Wednesday, February 15, 2012

Acupuncture for Common Cold and Flu

Chinese Medicine is a Holistic medicine, in that it treats the whole body, mind and spirit. It is primarily a preventative type medicine, in that in old days in China, if you got sick, then your acupuncturist wasn't very good. Following Traditional Chinese Medicine practices, which include acupuncture, herbal therapy, food therapy, meditation therapy (Qi Gong) and movement therapy (Tai Chi),  a person would have strong wei qi (protective qi) and zheng qi (righteous/healthy qi) and therefore, be able to fight off evil qi (Xie qi).   The daily stresses of life, including work, diet, emotional/relationship challenges, lack of or too much exercise, all contribute to weakening your righteous and protective qi. When Evil qi is stronger than healthy qi, you get sick.

Regular acupuncture to balance and strengthen your healthy and protective qi will help prevent frequent colds and perhaps lessen the severity of the flu. In addition, there are Chinese herbal formulas that, if taken early in the first day or two of a cold or flu, will stop the progression of the cold, or minimize the symptoms and duration of the sickness.

A common cold is considered Wind Cold, and includes the symptoms of chills, muscle aches, scratchy throat, runny nose, low grade fever. Wind Cold can transform into Wind Heat. Wind Heat symptoms include fever, some chills, significant sore throat, and general malaise and fatigue.

Chinese herbal formulas are different than medications in that they use whole plant parts,  leaves, twigs, berries, etc. Pharmaceuticals, in general, look for the active ingredient in a plant, and then isolate and concentrate it. With herbal therapy, it is believed that by using the entire plant part with it’s multiple actions, and combining it with other plant parts, to enhance some actions and minimize others, you get a safer, more gentle and even more effective result. The herbal formulas for Wind Cold and Wind Heat that I have available are made in China under ‘Best Manufacturing Practices’ and then packaged in the United States. I take herbs on a regular basis, and have found that the formulas for cold, sore throat and flu are very effective. If you’d like to purchase some of these herbs to have on hand and ready in the event you feel a cold coming on, contact me at 801-783-2094.  You can also be treated with acupuncture during a cold or sore throat, to aid you in fighting off the evil qi.  The nurse in me can’t emphasize enough the importance of washing hands, sneezing and coughing in your elbow, and staying home and resting when you are sick.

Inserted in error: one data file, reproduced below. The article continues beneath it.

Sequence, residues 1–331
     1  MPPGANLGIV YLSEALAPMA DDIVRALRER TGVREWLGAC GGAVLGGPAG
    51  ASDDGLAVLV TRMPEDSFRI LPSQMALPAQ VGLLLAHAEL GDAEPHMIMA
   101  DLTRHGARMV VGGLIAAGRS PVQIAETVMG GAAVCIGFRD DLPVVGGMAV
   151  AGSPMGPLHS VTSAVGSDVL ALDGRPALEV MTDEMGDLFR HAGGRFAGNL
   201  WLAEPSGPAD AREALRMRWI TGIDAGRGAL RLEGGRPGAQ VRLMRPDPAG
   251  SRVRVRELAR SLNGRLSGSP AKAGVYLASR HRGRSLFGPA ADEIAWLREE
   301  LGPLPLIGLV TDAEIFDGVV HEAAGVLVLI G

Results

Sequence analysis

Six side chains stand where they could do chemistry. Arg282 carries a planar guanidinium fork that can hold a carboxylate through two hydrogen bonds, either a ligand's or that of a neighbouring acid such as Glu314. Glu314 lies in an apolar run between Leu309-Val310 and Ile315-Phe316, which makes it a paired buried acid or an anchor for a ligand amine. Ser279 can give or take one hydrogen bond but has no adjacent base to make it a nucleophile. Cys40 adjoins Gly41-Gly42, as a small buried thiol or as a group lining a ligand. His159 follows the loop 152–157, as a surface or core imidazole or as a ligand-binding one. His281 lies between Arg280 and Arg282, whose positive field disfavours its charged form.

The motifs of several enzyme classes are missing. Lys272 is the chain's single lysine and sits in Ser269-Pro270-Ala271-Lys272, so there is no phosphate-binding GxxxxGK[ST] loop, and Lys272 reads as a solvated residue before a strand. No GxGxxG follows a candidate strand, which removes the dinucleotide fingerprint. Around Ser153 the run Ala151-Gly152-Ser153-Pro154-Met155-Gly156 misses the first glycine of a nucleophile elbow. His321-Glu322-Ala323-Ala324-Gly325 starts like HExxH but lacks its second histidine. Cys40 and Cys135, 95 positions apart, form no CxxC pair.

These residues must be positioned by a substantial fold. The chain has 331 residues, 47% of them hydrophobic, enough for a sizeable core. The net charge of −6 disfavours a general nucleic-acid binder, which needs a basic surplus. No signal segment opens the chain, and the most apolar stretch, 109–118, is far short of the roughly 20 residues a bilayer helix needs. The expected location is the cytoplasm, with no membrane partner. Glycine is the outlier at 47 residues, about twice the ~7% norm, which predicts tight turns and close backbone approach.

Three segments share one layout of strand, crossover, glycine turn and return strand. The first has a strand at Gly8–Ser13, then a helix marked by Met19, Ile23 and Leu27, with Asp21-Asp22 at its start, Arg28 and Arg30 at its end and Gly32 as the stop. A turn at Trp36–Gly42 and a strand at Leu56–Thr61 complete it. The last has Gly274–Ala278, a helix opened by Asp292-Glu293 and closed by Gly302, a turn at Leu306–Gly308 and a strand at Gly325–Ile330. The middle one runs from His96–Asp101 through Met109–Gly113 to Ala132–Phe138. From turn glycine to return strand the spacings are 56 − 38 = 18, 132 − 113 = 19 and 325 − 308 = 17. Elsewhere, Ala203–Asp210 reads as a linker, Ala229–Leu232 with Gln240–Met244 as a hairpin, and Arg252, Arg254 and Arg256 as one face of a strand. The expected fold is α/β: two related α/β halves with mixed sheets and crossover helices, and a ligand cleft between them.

Shan Yao Mountain Medicine Acupuncture Clinic continues to offer acupuncture via the ‘community acupuncture’ model the first and third Saturdays of the month, from 10 a.m. till 1 p.m.   The community acupuncture model is where multiple (up to 4) clients can be treated simultaneously, thereby sharing the cost. No appointments are needed, and there does not have to be three other people in the room for the lower cost. ($20 per session).  After having signed initial paperwork that includes informed consent and a brief history, clients choose an available lounge chair or the treatment table.  Points are selected primarily in arms and legs from the elbow and knee down. Some shoulder and back points may be selected if they can be accessed without removing clothing.  Once in the treatment area, clients relax to meditative music. Conversation is kept to a minimum, as clients experience an inward healing quietness. Acupuncture needles are retained usually for 30 to 60 minutes, or until the client indicates when they’re ready for the needles to be removed.

Shan Yao Mountain Medicine is located in the Old Town Eden building, behind Carlos and Harleys Cantina, in the back of Bay C (past the cardio-equipment of High Altitude Fitness)  In addition to the community acupuncture model, individual appointments can be made for Tuesdays and Thursdays from 10 a.m. till 7 p.m. Saturdays from 10 a.m. till 5 p.m. on non-community acupuncture days, and from 2 p.m. till 5 p.m. after community acupuncture.
Beth Kristenson L.Ac.

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